The Death Spiral of Paranoia

Hey folks, I found this random article on ABC News recently on a mom’s obsession with QAnon and how it gradually consumed her life. This article was really interesting to me because it shows how the slow progression of an idea can become all-consuming to the point that it consumes a person, cutting them offContinue reading “The Death Spiral of Paranoia”

Cicero and Catiline: A Big Political Mess

In light of the terrible events this past week, I felt like looking to the past for similar events in history, and the Catiline Conspiracy came to mind. This was an attempt by Lucius Sergius Catilina, who lost the consular election that year, to (quite literally) overthrow the Republican government. One fo the two consulsContinue reading “Cicero and Catiline: A Big Political Mess”

Poverty and Crime

From the 14th century Japanese text, “Essays in Idleness” (tsurezuregusa 徒然草) composed by Buddhist monk Kenkō: I believe therefore that it would be better, instead of imprisoning thieves and concerning ourselves only with punishing crimes, to run the country in such a way that no man would ever be hungry or cold. When a manContinue reading “Poverty and Crime”

Election De Ja Vu

So, how about that election huh? 😅 Anyhow, on the lighter side of things, I found this post on Twitter: This is a spoof account of the famous 16th century Japanese warlord, Ishida Mitsunari, who commanded the “western army” (seigun 西軍) lost a decisive battle at Sekigahara to the “eastern army” (tōgun 東軍) of TokugawaContinue reading “Election De Ja Vu”

War? No Thank You: Wise Words from the Buddha

With all the talk lately about the US and Iran, I thought about this quote from a Buddhist text called the Dhammapada. The Buddha, said in the Dhammapada, verses 129-132: All tremble at violence; all fear death. Putting oneself in the place of another, one should not kill nor cause another to kill. All trembleContinue reading “War? No Thank You: Wise Words from the Buddha”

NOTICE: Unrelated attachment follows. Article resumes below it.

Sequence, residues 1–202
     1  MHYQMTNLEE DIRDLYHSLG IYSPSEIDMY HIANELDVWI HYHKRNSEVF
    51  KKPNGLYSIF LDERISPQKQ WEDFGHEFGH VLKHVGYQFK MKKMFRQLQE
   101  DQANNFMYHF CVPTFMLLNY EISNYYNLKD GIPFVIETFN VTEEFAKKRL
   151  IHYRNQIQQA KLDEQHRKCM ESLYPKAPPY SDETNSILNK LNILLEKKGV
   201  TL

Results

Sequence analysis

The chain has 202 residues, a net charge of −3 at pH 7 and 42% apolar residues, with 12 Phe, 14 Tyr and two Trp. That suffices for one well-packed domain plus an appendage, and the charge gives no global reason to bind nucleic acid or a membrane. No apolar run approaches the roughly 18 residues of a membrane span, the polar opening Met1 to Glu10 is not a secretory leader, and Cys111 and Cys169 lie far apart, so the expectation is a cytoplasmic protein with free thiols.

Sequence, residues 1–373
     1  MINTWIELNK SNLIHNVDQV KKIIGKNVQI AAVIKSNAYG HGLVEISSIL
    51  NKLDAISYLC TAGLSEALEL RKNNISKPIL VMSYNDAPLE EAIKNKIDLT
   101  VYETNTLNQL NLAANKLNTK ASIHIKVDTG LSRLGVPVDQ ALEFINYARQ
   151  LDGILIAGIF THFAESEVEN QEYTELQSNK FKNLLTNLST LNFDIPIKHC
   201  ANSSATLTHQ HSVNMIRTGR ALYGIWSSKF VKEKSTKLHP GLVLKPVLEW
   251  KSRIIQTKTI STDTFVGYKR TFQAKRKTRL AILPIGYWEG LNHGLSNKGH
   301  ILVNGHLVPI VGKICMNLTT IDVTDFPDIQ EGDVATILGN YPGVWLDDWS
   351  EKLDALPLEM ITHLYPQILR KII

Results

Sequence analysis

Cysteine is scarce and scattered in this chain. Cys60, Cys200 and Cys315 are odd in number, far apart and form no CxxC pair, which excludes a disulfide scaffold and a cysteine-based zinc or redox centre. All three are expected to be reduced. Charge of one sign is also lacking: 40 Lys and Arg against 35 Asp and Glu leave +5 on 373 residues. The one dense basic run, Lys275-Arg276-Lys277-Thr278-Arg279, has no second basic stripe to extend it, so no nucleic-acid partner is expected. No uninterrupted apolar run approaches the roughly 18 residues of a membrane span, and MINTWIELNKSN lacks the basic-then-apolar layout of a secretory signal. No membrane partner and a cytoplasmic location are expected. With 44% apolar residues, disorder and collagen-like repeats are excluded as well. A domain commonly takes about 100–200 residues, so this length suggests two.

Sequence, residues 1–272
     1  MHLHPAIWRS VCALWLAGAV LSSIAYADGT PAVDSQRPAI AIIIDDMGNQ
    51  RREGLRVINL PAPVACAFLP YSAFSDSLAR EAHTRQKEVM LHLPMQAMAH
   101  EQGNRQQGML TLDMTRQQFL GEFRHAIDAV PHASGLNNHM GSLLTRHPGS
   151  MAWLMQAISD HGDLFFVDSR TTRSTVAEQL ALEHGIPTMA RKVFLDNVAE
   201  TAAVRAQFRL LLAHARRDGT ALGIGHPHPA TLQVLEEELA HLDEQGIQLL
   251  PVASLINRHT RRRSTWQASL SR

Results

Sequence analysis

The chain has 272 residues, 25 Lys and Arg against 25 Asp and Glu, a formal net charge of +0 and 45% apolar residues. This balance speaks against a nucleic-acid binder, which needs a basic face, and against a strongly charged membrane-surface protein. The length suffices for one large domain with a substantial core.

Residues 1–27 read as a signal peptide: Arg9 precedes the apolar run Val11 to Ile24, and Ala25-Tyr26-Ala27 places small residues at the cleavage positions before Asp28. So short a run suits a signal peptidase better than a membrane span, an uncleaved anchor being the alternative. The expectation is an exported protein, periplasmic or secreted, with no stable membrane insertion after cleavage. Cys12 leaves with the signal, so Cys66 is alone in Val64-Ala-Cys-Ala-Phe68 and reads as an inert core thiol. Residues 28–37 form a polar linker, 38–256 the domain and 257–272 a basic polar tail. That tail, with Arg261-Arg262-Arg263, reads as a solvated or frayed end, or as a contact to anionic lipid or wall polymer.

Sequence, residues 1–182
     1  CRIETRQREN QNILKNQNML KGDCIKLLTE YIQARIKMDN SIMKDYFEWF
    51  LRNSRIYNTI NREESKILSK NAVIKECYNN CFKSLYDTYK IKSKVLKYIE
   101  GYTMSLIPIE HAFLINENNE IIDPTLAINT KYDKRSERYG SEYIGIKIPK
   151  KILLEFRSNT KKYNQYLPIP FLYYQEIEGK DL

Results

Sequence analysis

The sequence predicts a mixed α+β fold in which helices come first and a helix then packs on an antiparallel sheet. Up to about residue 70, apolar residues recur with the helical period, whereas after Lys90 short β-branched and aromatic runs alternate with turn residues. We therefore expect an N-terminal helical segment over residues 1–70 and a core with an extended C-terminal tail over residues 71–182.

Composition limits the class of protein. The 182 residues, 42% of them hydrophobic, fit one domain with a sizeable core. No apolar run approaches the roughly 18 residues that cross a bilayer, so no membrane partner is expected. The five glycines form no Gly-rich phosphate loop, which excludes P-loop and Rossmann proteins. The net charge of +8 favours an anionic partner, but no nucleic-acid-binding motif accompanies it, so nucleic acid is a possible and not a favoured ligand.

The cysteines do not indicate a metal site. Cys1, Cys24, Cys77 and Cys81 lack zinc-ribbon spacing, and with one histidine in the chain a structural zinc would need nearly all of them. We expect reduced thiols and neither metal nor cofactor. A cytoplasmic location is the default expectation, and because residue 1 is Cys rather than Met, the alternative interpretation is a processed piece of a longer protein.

The Hellenistic World: Ancient Greece on a Wider Scale

When most people think of Ancient Greece, they think of ancient Athens with its democracy and philosophers, or Sparta with its militaristic culture.1 But Greece was a much larger and more complex culture, and no where is this more evident than in the Hellenistic Period. The Hellenistic Period, covers a broad period from the deathContinue reading “The Hellenistic World: Ancient Greece on a Wider Scale”

Gauls in the Roman Senate: A Cautionary Tale

Recently, I was reminded of an anecdotal tale from the early Roman Empire about the introduction of Gauls to the Roman Senate.  The anecdote is also frequently alluded to in Professor Mary Beard’s excellent overview of Roman History titled SPQR: A History of Ancient Rome. In 48 CE, Emperor Claudius was trying to convince theContinue reading “Gauls in the Roman Senate: A Cautionary Tale”